World

Top Admiral Suspends US Navy Fleet Operations Worldwide Following Devastating Crashes

The chief of naval operations has ordered an “pause” on global fleet operations in the wake of a string of destructive collisions.

The USS John S. McCain, an Arleigh Burke-class guided-missile destroyer, was involved in a collision with the Alnic MC, an oil tanker more than three times the size of the American warship. Five sailors were injured with ten others reported missing after the huge merchant vessel punched a hole in the side of the destroyer early Monday morning. (RELATED: Here’s What We Know So Far About The US Navy’s Latest Crash).

Monday’s collision follows an accident in June in which the USS Fitzgerald, another 7th Fleet Arleigh Burke-class guided-missile destroyer, collided with the ACX Crystal, a container vessel several times larger than the American ship. Seven sailors were killed in the incident, which was ultimately attributed to “poor seamanship and flaws in keeping watch,” according to a report from the Associated Press.

“This trend demands more forceful action,” Chief of Naval Operations Admiral John Richardson said in a video released online. “I have directed an operational pause be taken in all of our fleets around the world.”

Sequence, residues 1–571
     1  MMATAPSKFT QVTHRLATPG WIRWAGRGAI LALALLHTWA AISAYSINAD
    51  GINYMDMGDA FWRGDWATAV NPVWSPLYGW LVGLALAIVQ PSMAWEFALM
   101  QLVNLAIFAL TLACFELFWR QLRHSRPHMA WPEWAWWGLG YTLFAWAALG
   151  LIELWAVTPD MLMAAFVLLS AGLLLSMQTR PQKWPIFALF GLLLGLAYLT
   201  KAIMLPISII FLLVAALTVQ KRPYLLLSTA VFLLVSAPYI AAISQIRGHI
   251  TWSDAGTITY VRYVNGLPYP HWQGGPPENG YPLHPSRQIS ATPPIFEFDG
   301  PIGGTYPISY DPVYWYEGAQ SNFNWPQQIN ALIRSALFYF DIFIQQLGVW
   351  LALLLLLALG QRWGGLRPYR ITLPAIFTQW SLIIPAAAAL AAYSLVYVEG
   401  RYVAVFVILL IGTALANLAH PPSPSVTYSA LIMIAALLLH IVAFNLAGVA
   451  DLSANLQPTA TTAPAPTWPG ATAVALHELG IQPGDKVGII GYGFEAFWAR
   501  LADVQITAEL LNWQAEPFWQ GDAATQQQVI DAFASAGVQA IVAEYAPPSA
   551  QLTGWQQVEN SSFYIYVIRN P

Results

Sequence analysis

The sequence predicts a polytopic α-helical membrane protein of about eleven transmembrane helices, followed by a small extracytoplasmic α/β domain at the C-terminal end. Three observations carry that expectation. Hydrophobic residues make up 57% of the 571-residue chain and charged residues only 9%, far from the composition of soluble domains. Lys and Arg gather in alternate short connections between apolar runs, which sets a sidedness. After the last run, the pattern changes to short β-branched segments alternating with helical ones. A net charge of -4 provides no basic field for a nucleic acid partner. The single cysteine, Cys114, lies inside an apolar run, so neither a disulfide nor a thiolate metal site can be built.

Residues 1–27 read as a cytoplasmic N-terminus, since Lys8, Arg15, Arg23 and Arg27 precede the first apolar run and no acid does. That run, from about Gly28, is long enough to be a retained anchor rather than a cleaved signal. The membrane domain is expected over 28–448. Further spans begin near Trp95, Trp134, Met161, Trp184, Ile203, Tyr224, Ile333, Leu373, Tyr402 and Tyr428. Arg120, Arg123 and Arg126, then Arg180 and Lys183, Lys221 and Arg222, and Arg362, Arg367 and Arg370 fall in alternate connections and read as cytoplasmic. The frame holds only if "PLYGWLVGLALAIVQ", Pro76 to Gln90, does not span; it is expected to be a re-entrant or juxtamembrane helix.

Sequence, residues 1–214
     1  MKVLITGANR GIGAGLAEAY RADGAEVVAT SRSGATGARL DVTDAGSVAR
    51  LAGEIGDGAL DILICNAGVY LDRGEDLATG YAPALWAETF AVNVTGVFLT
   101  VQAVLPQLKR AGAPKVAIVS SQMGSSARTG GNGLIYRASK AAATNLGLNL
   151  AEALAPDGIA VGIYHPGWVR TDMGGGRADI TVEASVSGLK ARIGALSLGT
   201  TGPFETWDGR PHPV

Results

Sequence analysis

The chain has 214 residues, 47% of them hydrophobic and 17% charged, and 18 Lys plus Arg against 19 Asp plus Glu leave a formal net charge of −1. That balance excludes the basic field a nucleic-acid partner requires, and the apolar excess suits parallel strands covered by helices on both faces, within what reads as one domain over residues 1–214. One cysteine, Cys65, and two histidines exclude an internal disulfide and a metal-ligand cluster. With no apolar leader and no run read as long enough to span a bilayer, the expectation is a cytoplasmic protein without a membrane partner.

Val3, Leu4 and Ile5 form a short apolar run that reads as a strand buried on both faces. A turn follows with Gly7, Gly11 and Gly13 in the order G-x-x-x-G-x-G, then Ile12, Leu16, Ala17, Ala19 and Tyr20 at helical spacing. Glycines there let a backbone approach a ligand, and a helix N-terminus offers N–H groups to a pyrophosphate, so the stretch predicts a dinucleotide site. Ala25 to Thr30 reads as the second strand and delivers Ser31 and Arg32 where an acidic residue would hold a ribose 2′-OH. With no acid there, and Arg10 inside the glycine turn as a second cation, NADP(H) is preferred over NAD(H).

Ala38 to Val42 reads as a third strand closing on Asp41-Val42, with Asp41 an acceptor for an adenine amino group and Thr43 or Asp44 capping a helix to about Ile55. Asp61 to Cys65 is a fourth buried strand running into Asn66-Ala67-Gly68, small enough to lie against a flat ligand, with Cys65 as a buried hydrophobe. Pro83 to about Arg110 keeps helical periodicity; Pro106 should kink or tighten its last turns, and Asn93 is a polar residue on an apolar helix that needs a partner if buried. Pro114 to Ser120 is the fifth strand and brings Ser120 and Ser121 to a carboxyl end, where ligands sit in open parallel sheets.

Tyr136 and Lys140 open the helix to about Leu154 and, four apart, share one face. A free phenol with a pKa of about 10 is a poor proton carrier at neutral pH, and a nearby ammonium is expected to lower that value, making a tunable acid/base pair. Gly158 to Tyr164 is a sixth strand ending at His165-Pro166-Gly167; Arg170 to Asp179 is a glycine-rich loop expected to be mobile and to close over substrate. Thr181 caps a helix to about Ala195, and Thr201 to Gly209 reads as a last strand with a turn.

“I want our fleet commanders to get together with their leaders and their commands to ensure that we’re taking all appropriate immediate actions to ensure safe and effective operations around the world,” he further explained.

“In addition to that operational pause, I have directed a more comprehensive review to ensure that we get at the contributing factors, the root causes, of these incidents,” Richardson added, “This review is in addition to the investigations that are looking into the details of the collisions of the USS Fitzgerald and, now, the USS John S. McCain.” Beyond the USS Fitzgerald and the USS John McCain, the U.S. Navy has also had other problems maritime collisions, plane crashes, and ships running aground.

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